Representing a relatively new phenomenon in shopping, digital coupons show great promise for revolutionizing couponing.
In studying the marketing and usability of a specific type of electronic coupon digital coupons one University of Arizona research team has found some interesting and important preliminary findings about what consumers thought of digital coupons, how they used them, why they used them and what problems were associated with their use.
"In the literature, there is some information about these coupons, but there is no empirical data," said Anita Bhappu, the UA PetSmart associate professor and division chair of retailing and consumer sciences who headed up the research project.
Focused on grocery retailing, the effort is one of the first empirical investigations of consumer perceptions and use of digital coupons for "consumer packaged goods," which includes food items, beverages and products for cleaning.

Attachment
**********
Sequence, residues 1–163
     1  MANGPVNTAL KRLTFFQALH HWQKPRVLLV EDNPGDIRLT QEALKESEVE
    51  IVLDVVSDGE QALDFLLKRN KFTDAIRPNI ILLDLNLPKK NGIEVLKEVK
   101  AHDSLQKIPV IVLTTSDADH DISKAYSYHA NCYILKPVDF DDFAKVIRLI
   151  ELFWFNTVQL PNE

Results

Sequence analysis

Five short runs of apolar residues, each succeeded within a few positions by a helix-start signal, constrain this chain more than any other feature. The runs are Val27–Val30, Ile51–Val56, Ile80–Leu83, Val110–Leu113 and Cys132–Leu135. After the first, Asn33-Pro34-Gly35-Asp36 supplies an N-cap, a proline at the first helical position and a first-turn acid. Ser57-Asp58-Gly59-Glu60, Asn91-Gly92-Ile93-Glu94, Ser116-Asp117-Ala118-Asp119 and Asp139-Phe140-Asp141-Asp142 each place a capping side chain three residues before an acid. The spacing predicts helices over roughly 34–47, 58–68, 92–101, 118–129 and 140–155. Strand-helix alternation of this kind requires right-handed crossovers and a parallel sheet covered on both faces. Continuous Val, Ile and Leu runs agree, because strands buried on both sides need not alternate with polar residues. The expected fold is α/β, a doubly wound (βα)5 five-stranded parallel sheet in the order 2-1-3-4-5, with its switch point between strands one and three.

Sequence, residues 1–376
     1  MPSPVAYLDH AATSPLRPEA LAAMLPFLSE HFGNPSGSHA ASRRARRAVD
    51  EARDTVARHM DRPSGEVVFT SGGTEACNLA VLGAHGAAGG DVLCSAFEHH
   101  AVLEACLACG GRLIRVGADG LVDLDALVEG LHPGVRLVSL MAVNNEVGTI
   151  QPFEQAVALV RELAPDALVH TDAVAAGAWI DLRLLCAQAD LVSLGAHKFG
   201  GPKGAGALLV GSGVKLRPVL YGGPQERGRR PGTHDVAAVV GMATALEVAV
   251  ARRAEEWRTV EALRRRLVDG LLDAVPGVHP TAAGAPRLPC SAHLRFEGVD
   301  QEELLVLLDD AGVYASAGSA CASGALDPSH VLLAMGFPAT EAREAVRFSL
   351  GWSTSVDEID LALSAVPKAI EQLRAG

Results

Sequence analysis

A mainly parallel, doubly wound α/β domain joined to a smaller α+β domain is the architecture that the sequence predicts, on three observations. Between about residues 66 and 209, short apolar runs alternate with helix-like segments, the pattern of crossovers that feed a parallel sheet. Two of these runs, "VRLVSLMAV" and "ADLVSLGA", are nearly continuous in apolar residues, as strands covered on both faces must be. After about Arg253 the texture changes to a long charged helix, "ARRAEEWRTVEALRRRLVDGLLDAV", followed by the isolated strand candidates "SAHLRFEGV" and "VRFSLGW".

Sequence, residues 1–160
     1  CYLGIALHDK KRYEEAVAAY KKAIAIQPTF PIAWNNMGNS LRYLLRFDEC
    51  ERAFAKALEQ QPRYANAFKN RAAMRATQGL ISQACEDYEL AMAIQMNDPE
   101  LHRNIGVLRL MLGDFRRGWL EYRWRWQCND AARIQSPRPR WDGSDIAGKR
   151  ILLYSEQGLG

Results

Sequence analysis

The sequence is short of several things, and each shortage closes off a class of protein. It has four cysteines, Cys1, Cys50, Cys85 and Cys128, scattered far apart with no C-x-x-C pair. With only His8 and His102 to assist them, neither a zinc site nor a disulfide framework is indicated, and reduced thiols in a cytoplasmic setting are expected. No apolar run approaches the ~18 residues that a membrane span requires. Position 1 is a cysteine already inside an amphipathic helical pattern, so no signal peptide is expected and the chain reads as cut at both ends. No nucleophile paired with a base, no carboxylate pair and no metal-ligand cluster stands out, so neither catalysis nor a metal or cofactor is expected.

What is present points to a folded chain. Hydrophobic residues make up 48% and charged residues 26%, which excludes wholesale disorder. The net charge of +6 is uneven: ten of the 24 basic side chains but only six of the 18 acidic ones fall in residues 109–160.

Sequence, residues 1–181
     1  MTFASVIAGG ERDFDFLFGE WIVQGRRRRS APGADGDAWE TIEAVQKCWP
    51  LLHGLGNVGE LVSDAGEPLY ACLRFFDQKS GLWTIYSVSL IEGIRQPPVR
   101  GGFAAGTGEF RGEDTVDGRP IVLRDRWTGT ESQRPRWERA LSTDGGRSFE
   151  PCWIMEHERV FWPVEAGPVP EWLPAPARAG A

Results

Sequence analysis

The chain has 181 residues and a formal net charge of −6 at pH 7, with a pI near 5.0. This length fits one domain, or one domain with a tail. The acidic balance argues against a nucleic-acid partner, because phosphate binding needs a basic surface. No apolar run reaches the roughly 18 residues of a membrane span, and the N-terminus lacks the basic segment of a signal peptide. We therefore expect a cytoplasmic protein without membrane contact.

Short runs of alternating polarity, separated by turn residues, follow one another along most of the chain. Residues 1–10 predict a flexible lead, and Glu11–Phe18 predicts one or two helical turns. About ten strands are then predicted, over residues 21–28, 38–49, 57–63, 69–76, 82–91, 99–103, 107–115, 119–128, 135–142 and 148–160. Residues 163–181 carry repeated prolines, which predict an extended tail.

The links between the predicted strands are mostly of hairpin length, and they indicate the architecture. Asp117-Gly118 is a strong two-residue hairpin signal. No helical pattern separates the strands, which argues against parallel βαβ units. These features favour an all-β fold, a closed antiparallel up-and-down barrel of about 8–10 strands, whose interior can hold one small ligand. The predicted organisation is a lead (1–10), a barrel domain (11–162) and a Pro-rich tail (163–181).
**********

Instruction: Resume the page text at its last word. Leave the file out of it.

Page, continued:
In their study, Bhappu and her student researchers in the John & Doris North School fo Family and Consumer Sciences learned that digital coupons are used both for advertising and promoting products, but users often found them difficult to use.
The team held focus groups and administered surveys before and after a one-week trial of digital coupons, which included heavy users of paper coupons who Bhappu refers to as the "coupon divas," as well as non-users.
Not to be confused with electronic coupons available online that have to be printed out before being redeemed, these new digital coupons are downloaded directly to store loyalty cards. Fry's, Safeway and Sam's Club are among retailers currently testing digital coupons.
After loading the coupons to their loyalty cards via an Internet connection, many could not recall what coupons were available.
Also, many reported that the coupons did not redeem at checkout and cashiers did not know how to correct this service failure
|Contact: La Monica Everett-Haynes|
University of Arizona